Motte of Wormegay Castle
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The castle was probably built by Hermer de Ferrers after the Norman Conquest, and remained in the de Ferrers family until 1166. The motte is 5 metres high and 77 metres by 62 metres wide at the base. The motte is surrounded on three sides by a ditch up to 15 metres wide and 2 metres deep. The bailey is 150 metres by 88 metres across, and raised about 1 metre from the ground. The castle would have been highly visible in early medieval times, more so than in the 21st century, and would have formed a local landmark as well as controlling the local causeway across the Fens. Wormegay formed the centre, or the caput, for an honour of feudal properties across East Anglia. As the centre of a major estate, Wormegay provided castle-guard duties to Norwich Castle.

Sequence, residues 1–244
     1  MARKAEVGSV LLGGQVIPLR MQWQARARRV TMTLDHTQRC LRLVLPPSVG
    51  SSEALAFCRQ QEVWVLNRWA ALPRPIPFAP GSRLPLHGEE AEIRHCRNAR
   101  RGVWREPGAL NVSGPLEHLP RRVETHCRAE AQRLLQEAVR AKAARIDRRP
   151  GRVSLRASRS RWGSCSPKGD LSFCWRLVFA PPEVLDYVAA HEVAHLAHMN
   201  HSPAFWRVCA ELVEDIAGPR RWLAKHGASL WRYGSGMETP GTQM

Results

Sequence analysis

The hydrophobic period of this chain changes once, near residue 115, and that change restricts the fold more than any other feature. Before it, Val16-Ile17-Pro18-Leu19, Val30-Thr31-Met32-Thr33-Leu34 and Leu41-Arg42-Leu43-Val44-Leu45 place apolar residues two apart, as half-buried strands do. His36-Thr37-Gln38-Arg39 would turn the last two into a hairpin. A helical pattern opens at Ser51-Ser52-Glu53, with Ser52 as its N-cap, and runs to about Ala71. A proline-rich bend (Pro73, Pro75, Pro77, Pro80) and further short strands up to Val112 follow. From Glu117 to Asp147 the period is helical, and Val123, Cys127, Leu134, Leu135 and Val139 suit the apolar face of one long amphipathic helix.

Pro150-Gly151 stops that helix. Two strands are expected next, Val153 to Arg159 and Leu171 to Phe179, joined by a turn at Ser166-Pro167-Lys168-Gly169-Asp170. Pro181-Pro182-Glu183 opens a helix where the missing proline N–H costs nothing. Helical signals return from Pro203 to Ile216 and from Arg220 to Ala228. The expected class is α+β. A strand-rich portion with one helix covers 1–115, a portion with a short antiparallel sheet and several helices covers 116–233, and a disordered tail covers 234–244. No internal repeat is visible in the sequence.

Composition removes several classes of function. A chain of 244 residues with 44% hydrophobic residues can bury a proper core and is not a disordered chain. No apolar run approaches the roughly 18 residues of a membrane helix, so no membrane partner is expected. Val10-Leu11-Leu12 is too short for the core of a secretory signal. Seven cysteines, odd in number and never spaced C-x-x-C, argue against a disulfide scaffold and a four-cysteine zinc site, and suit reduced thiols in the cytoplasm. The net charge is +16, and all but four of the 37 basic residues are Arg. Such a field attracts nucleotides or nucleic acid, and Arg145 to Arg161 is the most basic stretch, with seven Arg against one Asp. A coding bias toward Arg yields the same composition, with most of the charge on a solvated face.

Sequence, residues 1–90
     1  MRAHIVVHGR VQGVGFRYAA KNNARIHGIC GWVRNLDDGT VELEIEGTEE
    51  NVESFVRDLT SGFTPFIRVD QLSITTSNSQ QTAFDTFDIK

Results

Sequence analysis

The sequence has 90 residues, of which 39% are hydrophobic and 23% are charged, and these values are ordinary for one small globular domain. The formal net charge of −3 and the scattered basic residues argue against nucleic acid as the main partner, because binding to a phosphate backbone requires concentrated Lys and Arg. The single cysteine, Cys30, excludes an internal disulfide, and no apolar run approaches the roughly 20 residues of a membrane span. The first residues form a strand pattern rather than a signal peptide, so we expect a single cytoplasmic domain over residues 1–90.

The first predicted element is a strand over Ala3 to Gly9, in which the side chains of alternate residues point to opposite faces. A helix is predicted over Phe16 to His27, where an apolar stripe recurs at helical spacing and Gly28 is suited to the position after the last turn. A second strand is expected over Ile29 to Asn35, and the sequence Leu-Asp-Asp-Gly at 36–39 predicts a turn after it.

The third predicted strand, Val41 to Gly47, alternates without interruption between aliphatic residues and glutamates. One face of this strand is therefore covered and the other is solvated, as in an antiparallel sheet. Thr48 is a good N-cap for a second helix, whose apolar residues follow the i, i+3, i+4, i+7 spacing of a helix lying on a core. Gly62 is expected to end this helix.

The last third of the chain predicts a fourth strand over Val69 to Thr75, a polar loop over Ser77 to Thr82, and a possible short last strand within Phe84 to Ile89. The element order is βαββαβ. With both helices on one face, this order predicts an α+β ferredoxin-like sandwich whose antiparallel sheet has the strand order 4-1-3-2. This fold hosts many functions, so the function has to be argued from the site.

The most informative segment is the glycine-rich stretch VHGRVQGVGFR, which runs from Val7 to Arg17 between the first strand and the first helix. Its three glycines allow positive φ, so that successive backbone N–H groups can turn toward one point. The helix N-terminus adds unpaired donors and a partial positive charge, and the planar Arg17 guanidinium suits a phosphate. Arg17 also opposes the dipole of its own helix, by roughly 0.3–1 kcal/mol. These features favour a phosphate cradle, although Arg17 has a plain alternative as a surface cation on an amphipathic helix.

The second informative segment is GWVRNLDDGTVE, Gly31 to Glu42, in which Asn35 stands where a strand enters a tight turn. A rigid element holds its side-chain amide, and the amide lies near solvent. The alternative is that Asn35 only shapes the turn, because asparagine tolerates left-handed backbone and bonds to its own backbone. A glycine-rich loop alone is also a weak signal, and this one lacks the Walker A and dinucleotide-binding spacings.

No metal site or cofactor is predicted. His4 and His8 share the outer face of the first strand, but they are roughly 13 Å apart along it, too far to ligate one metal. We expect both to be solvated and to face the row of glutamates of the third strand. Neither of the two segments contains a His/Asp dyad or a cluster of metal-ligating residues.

- Liddiard, Robert. (2000) Landscapes of lordship: Norman castles and the countryside in medieval Norfolk, 1066-1200. Archaeopress. ISBN 978-1-84171-156-0.
- Pounds, Norman John Greville. (1994) The Medieval Castle in England and Wales: a social and political history. Cambridge: Cambridge University Press. ISBN 978-0-521-45828-3.
- for Wormegay Castle